Report casts doubt on ex-president’s death

Report casts doubt on ex-president’s death

Report casts doubt on ex-president’s death

This file photo show late Turkish President Turgut Özal (L) with his wife Semra Özal. An autopsy should have been performed just after Özal’s passing, Turkey’s State Audit Board says, adding that a new autopsy can be made in case of his family’s request.

The 1993 death of Turkish President Turgut Özal is “suspicious” and should be reinvestigated, according to a report released yesterday by Turkey’s State Audit Board (DDK).

An autopsy should have been performed after Özal’s death but was not, the DDK said, adding that the late president’s family and judiciary should now decide on how to proceed with the case.

Consent from a victim’s family and a court order is needed for the exhumation of a body.

“Özal, who did not have any long-running or serious illnesses, died unexpectedly when he was in office. Such a death should always be approached as suspicious,” read the conclusion of the 44-page report published on the official website of the President’s Office.

The DDK report said the failure to perform an autopsy at the time of death was inexplicable. In addition, the lack of written procedures on the process for issuing statements on the deaths or serious injuries of sitting presidents also contributed to the speculation surrounding Özal’s death.

Özal was elected prime minister in 1983 in the aftermath of the Sept. 12, 1980, military coup and later became the country’s eighth president in 1989. Born in the eastern province of Malatya, Özal was of partial Kurdish origin, and his policies led to a huge liberalization of the Turkish economy. However, his tenure in office was cut short when he died on April 17, 1993.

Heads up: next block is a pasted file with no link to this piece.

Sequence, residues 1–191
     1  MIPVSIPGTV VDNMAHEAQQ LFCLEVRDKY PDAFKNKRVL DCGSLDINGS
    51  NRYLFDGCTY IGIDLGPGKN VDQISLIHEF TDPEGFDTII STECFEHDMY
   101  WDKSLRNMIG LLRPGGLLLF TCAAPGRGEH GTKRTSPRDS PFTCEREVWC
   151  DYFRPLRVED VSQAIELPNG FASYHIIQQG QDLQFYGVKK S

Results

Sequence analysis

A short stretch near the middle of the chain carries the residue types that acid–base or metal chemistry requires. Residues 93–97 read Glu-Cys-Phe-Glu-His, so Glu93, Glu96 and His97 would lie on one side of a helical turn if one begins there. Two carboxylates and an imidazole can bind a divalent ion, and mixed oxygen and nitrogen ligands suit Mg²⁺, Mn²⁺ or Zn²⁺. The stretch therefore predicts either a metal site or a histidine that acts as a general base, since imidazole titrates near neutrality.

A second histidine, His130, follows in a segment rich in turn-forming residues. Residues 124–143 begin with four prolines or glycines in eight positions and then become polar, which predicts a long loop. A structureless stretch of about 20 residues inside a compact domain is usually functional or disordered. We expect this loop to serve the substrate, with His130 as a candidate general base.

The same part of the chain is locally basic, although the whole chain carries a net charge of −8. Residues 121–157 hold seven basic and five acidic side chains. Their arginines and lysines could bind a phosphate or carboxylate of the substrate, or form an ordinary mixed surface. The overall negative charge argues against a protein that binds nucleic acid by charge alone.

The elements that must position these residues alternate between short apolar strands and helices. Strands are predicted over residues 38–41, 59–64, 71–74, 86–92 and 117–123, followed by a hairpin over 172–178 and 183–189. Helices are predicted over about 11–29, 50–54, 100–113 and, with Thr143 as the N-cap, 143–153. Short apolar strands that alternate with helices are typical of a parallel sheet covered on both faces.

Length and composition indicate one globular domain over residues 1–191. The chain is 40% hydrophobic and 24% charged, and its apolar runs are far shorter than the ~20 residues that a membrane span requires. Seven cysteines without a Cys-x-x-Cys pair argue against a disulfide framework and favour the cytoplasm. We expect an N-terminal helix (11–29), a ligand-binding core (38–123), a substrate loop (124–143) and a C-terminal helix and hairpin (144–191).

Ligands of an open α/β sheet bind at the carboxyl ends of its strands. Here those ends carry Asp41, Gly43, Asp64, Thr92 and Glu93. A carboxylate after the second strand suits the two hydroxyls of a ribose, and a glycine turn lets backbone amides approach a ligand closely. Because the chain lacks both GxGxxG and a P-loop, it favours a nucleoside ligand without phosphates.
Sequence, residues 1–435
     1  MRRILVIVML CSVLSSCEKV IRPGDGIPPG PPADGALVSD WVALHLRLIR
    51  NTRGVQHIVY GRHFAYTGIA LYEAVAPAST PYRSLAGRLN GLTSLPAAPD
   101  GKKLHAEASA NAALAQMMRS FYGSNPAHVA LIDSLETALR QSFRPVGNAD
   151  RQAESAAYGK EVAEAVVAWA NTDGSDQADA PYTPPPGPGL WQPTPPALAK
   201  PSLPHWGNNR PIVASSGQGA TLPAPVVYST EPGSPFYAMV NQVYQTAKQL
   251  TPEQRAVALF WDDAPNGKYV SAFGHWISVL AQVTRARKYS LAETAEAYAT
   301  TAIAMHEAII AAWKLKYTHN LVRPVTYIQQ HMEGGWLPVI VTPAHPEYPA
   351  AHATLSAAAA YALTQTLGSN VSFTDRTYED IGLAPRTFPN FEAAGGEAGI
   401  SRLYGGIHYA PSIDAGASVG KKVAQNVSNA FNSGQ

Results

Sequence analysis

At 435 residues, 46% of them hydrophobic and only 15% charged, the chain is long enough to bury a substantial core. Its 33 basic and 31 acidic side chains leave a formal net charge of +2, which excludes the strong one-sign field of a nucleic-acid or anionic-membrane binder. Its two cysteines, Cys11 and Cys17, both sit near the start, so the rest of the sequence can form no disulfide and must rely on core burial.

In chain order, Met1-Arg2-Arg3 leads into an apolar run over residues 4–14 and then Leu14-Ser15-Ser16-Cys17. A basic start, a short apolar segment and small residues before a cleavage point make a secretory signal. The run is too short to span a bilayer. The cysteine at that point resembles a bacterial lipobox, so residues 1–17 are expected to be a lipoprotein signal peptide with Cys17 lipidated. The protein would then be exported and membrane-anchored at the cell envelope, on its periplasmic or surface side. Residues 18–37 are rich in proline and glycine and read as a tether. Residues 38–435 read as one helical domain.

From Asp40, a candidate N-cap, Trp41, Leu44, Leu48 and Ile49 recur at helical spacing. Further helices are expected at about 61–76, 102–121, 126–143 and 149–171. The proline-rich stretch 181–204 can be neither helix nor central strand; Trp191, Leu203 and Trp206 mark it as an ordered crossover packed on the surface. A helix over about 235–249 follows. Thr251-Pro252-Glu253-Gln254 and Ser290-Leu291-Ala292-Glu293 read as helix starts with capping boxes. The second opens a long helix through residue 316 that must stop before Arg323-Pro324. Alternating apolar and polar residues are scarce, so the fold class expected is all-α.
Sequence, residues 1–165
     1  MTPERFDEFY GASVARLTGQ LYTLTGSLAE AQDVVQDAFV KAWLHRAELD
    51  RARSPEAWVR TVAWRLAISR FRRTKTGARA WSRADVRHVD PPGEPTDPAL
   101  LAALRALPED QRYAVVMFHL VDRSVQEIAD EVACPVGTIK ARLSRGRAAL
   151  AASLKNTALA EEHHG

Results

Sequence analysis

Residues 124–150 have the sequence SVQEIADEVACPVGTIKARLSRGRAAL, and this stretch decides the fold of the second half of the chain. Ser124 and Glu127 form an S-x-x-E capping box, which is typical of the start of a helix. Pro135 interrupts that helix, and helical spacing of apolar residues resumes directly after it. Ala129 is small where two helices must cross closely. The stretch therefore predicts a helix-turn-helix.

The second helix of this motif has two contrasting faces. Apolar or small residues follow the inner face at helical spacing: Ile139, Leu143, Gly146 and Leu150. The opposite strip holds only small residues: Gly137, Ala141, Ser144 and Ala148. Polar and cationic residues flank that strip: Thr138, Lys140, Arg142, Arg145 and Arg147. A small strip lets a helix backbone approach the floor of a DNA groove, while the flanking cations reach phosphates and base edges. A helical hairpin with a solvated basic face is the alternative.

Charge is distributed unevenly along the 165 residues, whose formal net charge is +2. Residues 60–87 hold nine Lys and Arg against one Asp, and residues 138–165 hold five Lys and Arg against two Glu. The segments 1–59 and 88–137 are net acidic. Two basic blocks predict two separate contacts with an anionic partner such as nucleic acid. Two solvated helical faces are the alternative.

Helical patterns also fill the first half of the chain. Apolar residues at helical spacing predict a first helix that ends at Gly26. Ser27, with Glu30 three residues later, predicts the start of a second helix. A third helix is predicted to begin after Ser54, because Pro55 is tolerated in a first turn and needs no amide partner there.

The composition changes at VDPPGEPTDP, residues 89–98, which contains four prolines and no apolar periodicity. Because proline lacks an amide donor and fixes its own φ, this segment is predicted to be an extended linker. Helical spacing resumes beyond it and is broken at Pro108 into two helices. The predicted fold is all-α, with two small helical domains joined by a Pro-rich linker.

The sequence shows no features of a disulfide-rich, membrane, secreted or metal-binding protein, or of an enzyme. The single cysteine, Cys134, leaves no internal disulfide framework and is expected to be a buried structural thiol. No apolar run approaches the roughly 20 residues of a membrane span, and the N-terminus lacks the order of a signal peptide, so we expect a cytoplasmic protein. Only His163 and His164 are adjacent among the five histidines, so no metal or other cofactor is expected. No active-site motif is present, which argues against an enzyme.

President Abdullah Gül ordered the DDK to investigate Özal’s death following long-running allegations that he died as the result of foul play and not from a heart attack as officially reported at the time.
The DDK report also highlighted the lack of necessary medical equipment at the Çankaya Presidential Palace at the time of Özal’s death. “Although Özal’s previous medical problems and his busy schedule are no secret, it is unacceptable not to have a fully equipped ambulance with the necessary personnel ready at the [Presidential] Palace,” the report said, adding that nothing had been done beyond what would have been done for a normal person in a similar situation.

The DDK had established a panel of medical experts, the report said. “With the lack of autopsy and other necessary operations to indicate the cause of death, and the uncertainty regarding the results of blood work done on samples taken from Özal after his death, the medical experts’ panel has indicated that Özal’s cause of death remains a mystery,” the board said in the report.

Regarding the allegations that Özal was victim of an assassination, the DDK said that only a limited investigation could be conducted. “Most claims are not based on concrete facts but on speculation over the ‘reason for his killing,’ citing various local and international situations … Hence, there was no way to prove such claims. Only after the cause of death is determined can such allegations be investigated.”
The “procedure and process” to determine Özal’s cause of death is something “late president Turgut Özal’s family and the judiciary should decide on,” the report added.

The DDK said a copy of the report had been sent to the Prime Minister’s Office and the Ankara Prosecutor’s Office.